Do they really work?

You’re at work and lift a heavy box. When you get home later, you notice that your back is sore. You don’t think too much about it until several days later when you notice it’s still sore. You decide that it’s time to get help, so you go to the doctor. You’re surprised that the doctor recommends that you see a chiropractor. What exactly do they do? Will they actually be to help you?

ChiropractorsEvery year, about 22 million Americans visit chiropractors and of these, around 7.7 million (35%) are trying to get relief from back pain. A study that was recently published in The Lancet found, globally, low back pain is the most common cause of disability. However, it’s not just back pain that is sending people to chiropractors, but complaints of headaches and pain in the neck, arms and legs. According to a 2018 Gallup survey conducted on the behalf of the Palmer College of Chiropractic, roughly 62% of adults in the US have had neck or back pain significant enough that they sought treatment from a healthcare professional at some point in their life. The break down of this number shows that 63% of the people saw a medical doctor while 53% sought treatment from a chiropractor. A different Gallup survey found that more than 62 million people have seen a chiropractor since 2011. Per the 2017 National Health Interview Survey (NHIS), the number of adults who seek chiropractic care has remained constant since 2007. Corresponding to this study was a different one done by the Centers for Disease Control that found women are more likely than men to see a chiropractor, and those that are between the ages of 45 and 64 are more likely to go to a chiropractor than people between the ages of 18-44 or 65 and over. The study also found that non-Hispanic white adults are much more likely to visit a chiropractor (12.7%) than Hispanic (6.6%) or non-Hispanic black (5.5%) adults. As far as children, the study discovered that older children (age 12 to 17) are more likely than younger ones (age 4 to 11) to go to a chiropractor, there isn’t a significant difference in the use between girls and boys and, similarly to adults, non-Hispanic white children are more likely than non-Hispanic black or Hispanic children to go to a chiropractor. The 2012 NHIS study found that among adults who use chiropractic manipulation, about 67% do so to treat a specific health condition, 43% use it for general wellness or disease prevention, 25% enjoy it because it focuses on the whole person (mind, body and spirit), 16% find they have improved energy, 11% say it provides them with better immune function and 5% indicate that it helps to improve their memory or concentration.

In 1896, the first chiropractic adjustment took place in an Iowa office building. A man named D.D. Palmer fixed the building’s janitor’s back pain. Due to the passage of time, it’s not clear exactly how Palmer adjusted the janitor’s vertebral subluxation, (an undetectable spinal misalignment). Palmer was a fan of metaphysics and correlated physical symptoms with spiritual phenomena. This is why chiropractic practice is based on the idea of energy flows blocking the “innate.” This blockage displays itself as things, such as back pain. Palmer believed chiropractic care had a religious and moral purpose. Palmer’s emphasis on the nervous system is considered an early contribution to important physiological discussions that doctors are still trying to figure out today. One of the biggest unsolved mysteries in field is exactly how spinal manipulation reduces back or neck pain. The mechanism isn’t well understood, but increased mobility of the spinal vertebrae and muscle relaxation is thought to contribute significantly.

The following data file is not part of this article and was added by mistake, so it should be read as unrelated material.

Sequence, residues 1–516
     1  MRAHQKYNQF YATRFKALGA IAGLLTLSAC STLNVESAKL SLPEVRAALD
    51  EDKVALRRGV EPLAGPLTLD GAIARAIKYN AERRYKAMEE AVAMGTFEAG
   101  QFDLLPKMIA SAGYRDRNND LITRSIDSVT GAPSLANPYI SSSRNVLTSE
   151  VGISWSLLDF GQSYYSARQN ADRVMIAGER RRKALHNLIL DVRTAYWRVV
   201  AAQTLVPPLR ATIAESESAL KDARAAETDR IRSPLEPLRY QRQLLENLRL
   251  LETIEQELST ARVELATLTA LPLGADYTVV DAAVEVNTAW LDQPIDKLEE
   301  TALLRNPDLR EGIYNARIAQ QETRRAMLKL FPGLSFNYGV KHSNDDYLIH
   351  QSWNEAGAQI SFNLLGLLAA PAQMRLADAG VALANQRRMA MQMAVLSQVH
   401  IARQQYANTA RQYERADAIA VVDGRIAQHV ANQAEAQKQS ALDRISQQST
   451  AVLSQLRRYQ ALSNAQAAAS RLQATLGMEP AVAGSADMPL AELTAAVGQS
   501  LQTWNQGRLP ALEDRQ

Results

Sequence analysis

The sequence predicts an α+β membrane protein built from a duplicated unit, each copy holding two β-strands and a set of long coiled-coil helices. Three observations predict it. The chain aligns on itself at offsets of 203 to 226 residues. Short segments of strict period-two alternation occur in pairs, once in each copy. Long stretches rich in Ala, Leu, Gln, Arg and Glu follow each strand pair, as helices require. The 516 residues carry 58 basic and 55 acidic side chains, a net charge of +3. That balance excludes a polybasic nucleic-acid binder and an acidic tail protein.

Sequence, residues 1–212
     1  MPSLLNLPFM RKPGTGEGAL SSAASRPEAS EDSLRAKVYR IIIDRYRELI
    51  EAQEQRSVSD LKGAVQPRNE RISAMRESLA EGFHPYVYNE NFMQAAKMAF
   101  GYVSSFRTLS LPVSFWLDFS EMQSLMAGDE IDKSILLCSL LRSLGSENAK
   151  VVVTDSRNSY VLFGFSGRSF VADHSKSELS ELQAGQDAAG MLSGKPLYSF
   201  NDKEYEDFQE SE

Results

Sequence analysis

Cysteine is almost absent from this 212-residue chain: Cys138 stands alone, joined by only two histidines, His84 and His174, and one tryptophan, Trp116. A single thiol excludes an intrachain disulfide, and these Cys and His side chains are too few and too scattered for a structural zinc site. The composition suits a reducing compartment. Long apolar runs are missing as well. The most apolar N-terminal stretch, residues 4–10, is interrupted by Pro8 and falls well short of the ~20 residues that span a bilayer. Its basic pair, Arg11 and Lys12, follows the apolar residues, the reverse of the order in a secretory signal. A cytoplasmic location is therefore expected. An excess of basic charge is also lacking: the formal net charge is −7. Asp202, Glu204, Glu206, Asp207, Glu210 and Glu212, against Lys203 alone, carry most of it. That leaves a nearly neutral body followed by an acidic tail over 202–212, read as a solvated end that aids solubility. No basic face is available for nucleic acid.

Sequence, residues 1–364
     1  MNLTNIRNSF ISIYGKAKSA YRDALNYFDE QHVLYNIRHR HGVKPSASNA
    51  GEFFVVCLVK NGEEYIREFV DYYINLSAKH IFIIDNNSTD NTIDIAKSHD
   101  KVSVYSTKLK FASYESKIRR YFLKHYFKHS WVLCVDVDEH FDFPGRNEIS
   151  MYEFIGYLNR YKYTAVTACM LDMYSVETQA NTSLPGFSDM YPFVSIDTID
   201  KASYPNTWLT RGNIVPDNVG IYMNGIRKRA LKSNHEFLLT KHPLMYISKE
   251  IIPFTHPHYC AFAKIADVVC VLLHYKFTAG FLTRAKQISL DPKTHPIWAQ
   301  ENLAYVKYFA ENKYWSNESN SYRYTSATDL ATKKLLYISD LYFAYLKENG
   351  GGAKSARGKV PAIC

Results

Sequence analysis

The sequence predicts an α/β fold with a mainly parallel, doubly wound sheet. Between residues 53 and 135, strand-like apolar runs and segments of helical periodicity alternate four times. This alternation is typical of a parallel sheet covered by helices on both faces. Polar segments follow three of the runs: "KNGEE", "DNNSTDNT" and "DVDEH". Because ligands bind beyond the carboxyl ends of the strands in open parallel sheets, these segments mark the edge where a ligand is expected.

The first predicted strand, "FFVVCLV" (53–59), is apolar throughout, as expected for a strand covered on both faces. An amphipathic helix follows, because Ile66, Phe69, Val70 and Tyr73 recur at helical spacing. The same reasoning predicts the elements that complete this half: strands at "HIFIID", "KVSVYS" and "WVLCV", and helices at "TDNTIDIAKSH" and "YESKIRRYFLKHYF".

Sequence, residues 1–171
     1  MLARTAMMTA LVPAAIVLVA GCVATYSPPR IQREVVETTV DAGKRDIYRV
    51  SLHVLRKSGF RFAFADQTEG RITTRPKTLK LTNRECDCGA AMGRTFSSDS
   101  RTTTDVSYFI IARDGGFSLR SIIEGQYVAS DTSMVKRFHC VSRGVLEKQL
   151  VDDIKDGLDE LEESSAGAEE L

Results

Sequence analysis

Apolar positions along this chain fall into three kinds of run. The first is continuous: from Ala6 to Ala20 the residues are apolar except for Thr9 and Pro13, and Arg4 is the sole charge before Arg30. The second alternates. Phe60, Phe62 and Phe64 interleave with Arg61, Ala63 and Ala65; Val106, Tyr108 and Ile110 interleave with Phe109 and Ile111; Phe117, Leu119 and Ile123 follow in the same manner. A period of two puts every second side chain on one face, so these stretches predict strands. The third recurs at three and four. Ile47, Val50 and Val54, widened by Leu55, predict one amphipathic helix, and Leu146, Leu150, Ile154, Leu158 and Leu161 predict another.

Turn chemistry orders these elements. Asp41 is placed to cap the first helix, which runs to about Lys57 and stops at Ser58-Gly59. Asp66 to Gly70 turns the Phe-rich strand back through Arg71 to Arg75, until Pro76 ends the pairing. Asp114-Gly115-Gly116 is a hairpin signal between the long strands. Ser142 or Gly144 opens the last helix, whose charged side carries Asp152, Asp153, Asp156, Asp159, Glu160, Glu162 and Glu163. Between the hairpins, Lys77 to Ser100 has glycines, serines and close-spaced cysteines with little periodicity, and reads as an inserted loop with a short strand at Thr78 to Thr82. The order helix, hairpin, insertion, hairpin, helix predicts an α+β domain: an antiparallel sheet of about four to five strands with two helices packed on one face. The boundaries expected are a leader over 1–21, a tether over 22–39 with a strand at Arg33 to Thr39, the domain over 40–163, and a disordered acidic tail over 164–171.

Even though they aren’t medical doctors, chiropractors are trained and licensed medical professionals. Their education typically involves an undergraduate degree with a focus in the sciences plus four years of chiropractic college that has both classes and hands-on experience. All states in the US require that chiropractors obtain a Doctor of Chiropractic (DC) degree from a Council on Chiropractic Education (CCE) accredited college and pass a licensure exam. Some individuals choose to specialize in a certain area, so they do an additional residency that lasts another two to three years. There are over 100 different chiropractic methods with no one method being better than another. Once out of school, chiropractors must keep current by taking regular continuing education classes. Currently, there are over 70,000 licensed chiropractors working in the US. These practitioners are able to treat various issues and conditions involving the muscles, tendons, ligaments, bones, cartilage and nervous system by focusing on the relationship between the nervous system and spine. During treatment, a chiropractor performs manipulations, or small adjustments, of the patient’s body using their hands or small instruments. These are done to different parts of the body depending on what the complaint is, often the result of a traumatic injury. The thought is that through proper alignment of the body’s musculoskeletal structure, especially the spine, it will allow the body to heal itself without surgery or medication. The goal is to reestablish the structural integrity of the spine while reducing pressure on sensitive neurological tissue. Many chiropractors point out that manipulating vertebrae is useless if you don’t address the entire muscular structure of a human body and how it moves on a regular basis. Each one of our bodies is a direct result of our individual movement patterns. This concept leads to the idea that no one is out of shape. Instead, you’re in the exact shape that you train for. So, if you don’t train, that’s the shape you’re in. This is why chiropractors also focus on educating their patients on how to account for their own health through nutrition, exercise, ergonomics and other therapies. Since the goal is to treat the whole body, not just a specific pain or injury, its approach is considered to be holistic, which is why it’s often categorized as alternative medicine or complementary medicine.